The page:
Ora Bridge. Photo by James Chandler Photography.
Plans to replace and redesign Ora Bridge have been in the works for 5 years. As this is a significant project, discussions and preparations took a great deal of time; from planning and public meetings, to bidding out the project and finalizing details with the contractor. The project has seen some delays and is now ready to begin (as soon as the weather cooperates).
HFF’s role in the process began 5 years ago thanks to Fremont County keeping us in the loop on the project. Senior Scientist, Rob Van Kirk attended several meetings and provided feedback along the way. In January 2015 and again in late 2017, HFF, alongside Idaho Dept. Fish & Game, argued strongly for: 1) no disruption to fishing access, and if a temporary closure is absolutely necessary for safety, delivery of large equipment and materials, or unforeseen emergency, that it occur between July 15 and September 1, at least 24 hours’ notice should be given, and the closure should be no more than 2 consecutive days; and 2) no in-water construction prior to July 15th to protect Rainbow Trout spawning and to minimize disruption to the angling season.
Now that construction is scheduled to begin, HFF is installing a water quality monitoring device (sonde) above the bridge to complement the existing sonde below the bridge, allowing us to monitor changes in water quality due to bridge construction. HFF will also conduct weekly water sampling at Ora Bridge to measure suspended sediment and validate our interpretation of turbidity values recorded by the sondes every 15 minutes. Turbidity, as measured by our sondes, is a measure of water clarity or how much light penetrates the water. Suspended sediment sampling will give us a physical measurement of the mass of actual particles suspended in the water column to help us determine what portion of that turbidity is due to sediment in the water.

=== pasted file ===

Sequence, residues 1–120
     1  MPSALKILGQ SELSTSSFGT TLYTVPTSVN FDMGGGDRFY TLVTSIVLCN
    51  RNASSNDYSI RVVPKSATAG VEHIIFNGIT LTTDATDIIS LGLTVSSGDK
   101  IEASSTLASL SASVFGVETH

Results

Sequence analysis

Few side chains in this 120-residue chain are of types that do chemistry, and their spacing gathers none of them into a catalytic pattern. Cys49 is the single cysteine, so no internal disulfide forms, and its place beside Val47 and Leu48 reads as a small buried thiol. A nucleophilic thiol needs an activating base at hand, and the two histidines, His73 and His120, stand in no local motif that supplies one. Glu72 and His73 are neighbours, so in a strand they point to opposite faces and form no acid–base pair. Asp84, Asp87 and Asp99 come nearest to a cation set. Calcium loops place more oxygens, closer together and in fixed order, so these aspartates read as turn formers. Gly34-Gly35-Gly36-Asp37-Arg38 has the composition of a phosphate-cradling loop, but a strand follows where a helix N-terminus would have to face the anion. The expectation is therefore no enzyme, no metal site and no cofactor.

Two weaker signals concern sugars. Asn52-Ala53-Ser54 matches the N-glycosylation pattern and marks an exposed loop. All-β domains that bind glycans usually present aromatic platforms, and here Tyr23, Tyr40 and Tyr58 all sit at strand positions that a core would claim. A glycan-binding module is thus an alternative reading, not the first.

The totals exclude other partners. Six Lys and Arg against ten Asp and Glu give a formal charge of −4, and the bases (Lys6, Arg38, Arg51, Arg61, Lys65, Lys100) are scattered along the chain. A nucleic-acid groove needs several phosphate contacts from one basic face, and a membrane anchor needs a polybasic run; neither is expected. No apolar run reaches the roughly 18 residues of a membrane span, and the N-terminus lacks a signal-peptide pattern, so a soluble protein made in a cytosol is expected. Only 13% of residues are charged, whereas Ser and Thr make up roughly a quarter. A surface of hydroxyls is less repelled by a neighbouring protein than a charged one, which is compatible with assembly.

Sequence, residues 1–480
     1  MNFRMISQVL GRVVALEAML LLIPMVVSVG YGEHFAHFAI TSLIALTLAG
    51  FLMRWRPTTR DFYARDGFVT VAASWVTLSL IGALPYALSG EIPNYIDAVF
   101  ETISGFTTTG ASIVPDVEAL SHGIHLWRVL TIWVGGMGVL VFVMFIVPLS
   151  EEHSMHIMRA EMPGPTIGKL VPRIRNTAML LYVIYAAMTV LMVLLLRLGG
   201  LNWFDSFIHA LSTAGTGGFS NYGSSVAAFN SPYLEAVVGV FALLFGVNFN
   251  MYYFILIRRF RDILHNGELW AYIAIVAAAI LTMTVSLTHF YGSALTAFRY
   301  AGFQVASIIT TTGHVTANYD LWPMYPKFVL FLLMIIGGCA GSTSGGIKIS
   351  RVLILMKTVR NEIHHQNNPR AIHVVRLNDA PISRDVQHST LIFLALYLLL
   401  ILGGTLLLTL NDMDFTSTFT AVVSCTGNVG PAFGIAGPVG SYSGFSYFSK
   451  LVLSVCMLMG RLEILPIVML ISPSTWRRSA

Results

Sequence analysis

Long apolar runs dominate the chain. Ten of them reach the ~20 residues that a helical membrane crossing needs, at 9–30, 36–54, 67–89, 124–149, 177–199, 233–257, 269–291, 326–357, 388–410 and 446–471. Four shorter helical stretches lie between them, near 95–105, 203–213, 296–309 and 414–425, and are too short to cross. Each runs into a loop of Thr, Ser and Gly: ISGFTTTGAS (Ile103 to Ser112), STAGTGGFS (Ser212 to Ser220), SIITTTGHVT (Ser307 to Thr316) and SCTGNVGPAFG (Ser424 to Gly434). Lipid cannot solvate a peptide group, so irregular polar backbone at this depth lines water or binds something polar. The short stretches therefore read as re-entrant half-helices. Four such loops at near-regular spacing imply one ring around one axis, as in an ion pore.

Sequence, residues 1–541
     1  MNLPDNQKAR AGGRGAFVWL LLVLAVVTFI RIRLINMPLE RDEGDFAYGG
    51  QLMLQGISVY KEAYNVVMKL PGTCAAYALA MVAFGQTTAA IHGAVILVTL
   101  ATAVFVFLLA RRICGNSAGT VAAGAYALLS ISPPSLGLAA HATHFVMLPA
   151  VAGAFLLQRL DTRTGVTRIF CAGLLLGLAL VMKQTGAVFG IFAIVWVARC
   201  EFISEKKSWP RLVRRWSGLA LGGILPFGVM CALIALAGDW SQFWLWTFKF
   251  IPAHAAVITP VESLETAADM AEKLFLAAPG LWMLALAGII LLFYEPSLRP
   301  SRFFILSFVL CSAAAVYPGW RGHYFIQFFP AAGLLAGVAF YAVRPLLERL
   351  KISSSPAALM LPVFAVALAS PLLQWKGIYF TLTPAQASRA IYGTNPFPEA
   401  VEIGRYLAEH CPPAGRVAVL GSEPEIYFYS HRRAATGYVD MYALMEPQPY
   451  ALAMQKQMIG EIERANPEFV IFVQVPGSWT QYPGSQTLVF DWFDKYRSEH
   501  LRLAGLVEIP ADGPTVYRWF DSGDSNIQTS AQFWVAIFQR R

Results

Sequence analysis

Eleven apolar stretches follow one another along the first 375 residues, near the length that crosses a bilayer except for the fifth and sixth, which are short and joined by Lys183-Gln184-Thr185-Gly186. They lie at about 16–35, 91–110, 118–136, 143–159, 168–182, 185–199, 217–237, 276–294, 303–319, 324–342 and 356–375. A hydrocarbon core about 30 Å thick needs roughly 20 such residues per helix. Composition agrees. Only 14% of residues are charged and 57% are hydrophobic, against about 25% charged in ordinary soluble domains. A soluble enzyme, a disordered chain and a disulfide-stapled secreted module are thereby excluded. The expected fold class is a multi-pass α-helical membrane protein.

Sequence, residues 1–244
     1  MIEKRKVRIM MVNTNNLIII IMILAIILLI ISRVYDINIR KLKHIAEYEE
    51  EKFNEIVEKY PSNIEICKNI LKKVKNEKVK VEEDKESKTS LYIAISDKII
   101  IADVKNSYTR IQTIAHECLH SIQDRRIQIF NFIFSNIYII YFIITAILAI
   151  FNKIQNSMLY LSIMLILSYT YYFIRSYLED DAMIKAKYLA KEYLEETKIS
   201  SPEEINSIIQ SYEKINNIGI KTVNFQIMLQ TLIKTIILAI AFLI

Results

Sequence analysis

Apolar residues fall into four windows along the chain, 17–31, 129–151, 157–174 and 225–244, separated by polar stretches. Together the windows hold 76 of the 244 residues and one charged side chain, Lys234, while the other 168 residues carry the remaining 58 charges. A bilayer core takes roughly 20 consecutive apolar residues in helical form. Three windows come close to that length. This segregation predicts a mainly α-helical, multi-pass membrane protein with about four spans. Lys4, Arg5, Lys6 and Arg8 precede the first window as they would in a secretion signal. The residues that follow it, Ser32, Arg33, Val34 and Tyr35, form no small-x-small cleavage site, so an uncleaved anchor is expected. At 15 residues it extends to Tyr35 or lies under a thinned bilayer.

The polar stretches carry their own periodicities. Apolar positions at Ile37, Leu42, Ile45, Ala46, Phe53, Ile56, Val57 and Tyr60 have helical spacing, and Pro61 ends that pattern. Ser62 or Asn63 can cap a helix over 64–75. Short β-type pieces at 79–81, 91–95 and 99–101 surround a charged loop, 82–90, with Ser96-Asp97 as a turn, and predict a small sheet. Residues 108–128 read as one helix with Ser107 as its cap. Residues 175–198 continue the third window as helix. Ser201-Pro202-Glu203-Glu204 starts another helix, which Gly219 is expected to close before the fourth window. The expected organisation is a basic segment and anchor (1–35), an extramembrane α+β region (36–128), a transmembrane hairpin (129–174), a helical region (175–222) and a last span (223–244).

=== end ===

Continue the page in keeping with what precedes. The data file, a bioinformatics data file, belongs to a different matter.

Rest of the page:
Todd (Henry’s Fork Anglers) and Matt (Henry’s Fork Foundation) install a sonde upstream of Ora Bridge, March 22, 2019.
Once interns arrive in June, HFF will conduct daily site visits to look for visible sediment in the river. If, for example, construction is occurring on only one side of the river and there is visible sediment on river left near the boat ramp, but the water is not mixing before the river right/below bridge sonde location, we will take suspended sediment samples on the spot.
Some might remember construction on Ashton Dam in 2010-2012. The Idaho Department of Environmental Quality standard for turbidity is that it not exceed 50 NTU above background level, which is around 2 NTU in that reach of river. Maximum turbidity values were around 80 NTU during August and September of 2011, exceeding the state standard for very brief and widely scattered periods of time. As indicated by IDFG’s trout population monitoring, the Ashton Dam construction did not have a significant biological impact on trout. Trout population densities in the Ora to Vernon reach did not differ significantly among 2009, 2012, and 2015, which cover a time range of pre-construction, post-construction, and one full fish generation post-construction. At 1,612 fish/mile, trout density in 2018 was significantly higher than in all survey years dating back to 2005.
We absolutely acknowledge that the existing bridge is failing, that safety must be a priority, and that construction has to happen sometime in the spring-fall window before and after cold weather prevents construction. We are grateful to Fremont County for their willingness to protect access and the fishery, while working to update Ora Bridge.
If you have any additional questions, please contact HFF at 208-652-3567 or email@example.com.